Workers Have Ever Less Privacy Rights
It is the rare modern worker who doesn’t occasionally use the Internet for purely personal reasons during a normal work day, but few workers would raise an eyebrow about their computers being monitored by their employer, or being tested for drug use, or restrictions on smoking in the work place, or passing through screening devices, or having to be at work on time, wear appropriate clothing and on and on.
But, now consider this. On Monday, November 20th, some 13,900 employees of a large Minnesota health care system faced a deadline for getting flu shots, with exemptions permissible only for those with a validly documented medical reason or based upon religious beliefs. More than 99% of the workers complied, but about 50 workers refused the shots as a matter of personal judgment. On Monday, those resisting employees were fired. Make no mistake, in an open shop state like Texas, exactly the same thing could be required, with the same predictable outcome for resisters. This compulsory decision matters a lot because it is the first step onto a very slippery slope towards the elimination of any bodily-related privacy at all.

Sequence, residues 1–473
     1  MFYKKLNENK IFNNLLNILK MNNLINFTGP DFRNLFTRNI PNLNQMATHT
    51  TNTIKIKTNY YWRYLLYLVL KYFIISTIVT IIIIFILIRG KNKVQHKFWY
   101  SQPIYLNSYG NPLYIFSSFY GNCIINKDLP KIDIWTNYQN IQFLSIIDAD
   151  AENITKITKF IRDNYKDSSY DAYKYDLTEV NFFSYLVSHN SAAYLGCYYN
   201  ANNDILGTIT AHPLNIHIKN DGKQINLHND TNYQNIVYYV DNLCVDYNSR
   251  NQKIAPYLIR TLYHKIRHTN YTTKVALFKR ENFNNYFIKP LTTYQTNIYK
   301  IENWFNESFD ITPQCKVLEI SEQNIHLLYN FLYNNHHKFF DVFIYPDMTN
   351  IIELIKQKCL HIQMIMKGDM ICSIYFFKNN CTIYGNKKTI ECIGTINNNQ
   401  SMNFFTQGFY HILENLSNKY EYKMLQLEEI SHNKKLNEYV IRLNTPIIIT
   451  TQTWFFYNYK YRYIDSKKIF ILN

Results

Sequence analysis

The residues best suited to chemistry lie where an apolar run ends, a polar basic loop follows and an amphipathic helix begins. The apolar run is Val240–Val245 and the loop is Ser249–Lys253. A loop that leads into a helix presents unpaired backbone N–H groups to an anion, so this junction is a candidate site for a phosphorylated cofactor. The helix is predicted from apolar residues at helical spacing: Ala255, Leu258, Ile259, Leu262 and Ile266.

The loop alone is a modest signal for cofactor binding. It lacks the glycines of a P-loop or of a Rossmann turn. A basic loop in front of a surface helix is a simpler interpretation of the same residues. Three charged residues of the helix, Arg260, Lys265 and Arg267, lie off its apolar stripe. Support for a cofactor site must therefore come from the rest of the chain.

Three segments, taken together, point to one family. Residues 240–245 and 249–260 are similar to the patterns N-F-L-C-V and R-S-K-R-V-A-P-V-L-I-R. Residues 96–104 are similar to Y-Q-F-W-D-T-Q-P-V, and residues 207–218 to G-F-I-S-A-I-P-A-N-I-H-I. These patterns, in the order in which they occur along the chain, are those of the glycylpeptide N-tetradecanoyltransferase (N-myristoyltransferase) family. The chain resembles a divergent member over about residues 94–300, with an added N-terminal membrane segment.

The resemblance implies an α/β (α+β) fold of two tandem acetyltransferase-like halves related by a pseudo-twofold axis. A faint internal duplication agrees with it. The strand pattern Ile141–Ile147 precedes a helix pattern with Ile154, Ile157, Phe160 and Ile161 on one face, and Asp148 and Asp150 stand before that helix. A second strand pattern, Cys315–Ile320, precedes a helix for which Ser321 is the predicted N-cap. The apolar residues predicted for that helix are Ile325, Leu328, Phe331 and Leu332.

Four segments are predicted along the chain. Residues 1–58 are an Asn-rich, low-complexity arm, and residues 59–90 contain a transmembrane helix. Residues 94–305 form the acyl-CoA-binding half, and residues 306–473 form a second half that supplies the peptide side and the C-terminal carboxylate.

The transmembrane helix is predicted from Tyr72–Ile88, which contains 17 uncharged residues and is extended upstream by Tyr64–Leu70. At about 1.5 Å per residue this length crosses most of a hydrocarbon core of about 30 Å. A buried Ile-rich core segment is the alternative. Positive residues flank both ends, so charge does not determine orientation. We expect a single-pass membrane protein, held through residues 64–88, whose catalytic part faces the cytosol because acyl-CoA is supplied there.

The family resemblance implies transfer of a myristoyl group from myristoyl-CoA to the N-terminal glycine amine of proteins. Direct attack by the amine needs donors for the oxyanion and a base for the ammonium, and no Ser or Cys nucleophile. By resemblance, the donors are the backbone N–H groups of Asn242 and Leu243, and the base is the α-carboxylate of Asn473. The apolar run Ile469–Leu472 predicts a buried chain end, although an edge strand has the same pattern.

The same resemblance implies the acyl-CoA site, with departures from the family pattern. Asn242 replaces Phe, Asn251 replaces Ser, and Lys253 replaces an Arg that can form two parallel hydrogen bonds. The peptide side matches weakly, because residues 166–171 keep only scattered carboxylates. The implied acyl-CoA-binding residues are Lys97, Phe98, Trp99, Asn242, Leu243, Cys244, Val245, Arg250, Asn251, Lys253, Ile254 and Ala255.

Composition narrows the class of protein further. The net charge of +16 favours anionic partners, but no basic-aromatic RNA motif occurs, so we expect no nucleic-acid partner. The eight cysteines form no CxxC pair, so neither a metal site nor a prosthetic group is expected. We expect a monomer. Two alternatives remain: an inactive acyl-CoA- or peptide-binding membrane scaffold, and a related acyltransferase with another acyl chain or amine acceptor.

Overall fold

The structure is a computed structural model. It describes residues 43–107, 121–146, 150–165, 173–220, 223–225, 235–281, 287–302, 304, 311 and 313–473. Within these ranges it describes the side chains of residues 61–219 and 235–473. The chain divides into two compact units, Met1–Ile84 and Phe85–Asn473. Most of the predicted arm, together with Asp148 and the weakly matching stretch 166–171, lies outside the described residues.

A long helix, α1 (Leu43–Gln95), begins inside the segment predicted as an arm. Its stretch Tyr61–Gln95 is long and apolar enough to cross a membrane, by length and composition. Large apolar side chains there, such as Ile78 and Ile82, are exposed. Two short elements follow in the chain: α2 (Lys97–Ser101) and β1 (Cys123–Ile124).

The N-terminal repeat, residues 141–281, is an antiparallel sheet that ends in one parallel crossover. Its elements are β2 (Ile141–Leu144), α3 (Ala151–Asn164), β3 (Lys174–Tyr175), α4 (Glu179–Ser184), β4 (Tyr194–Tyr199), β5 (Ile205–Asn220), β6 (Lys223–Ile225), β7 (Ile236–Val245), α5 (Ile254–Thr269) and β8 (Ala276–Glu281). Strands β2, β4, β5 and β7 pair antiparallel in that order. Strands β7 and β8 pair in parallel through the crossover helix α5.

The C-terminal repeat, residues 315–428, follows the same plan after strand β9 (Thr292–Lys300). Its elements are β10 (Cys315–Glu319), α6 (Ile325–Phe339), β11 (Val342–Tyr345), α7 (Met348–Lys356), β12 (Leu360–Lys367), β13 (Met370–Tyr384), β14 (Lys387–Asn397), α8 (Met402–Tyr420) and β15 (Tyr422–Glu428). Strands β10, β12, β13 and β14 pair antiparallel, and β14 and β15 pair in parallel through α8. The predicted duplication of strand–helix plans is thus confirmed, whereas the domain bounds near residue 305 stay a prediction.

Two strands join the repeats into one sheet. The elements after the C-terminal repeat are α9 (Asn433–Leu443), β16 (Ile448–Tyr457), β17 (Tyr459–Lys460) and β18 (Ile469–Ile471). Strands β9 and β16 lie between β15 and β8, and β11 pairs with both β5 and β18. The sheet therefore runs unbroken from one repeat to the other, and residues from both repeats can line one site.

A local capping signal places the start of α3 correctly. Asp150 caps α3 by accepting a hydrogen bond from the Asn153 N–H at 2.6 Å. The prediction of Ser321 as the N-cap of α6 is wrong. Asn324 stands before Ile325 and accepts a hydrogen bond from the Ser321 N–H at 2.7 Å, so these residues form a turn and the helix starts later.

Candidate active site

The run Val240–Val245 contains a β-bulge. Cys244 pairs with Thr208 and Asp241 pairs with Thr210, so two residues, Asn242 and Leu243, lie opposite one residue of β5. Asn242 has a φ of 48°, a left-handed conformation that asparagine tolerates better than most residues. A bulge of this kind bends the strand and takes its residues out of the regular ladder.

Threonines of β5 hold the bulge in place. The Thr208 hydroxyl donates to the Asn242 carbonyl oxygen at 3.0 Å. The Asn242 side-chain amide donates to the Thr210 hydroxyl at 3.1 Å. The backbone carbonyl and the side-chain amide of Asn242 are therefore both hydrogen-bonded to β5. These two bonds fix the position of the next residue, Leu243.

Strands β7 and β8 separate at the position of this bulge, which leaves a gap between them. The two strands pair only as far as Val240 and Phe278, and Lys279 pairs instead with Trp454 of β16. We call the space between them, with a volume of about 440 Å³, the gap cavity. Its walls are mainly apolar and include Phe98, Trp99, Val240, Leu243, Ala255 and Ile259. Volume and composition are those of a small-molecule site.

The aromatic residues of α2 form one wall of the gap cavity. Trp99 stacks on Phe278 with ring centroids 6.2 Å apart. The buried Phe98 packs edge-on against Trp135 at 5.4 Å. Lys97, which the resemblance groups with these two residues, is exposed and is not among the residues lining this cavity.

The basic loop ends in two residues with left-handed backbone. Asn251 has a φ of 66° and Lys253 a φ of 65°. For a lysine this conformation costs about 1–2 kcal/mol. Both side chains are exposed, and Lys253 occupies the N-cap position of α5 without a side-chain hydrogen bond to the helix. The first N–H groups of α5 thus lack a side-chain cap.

This employer based its compulsion of flu shots on its desire to reduce lost work time and thereby boost productivity. But, that said, can employers demand, for instance, that you weigh within a certain limit because being overweight makes you move slower? Can you be required to not drink coffee because it makes workers cranky? Can you be required to eat only fruits and vegetables because sugary snacks might make you jittery? Can you be forced to wear contacts because glasses might make you look nerdy to customers? Can you be forced to have your teeth whitened or straightened because that might reduce cavities?
Hopefully, you get the point that, while employers have every right to demand a full day’s work for a full day’s pay, there should be some bright lines beyond which they simply can’t go in telling you what to do with your very own body. Those bright lines blurred, dimmed and faded just a bit more on Monday…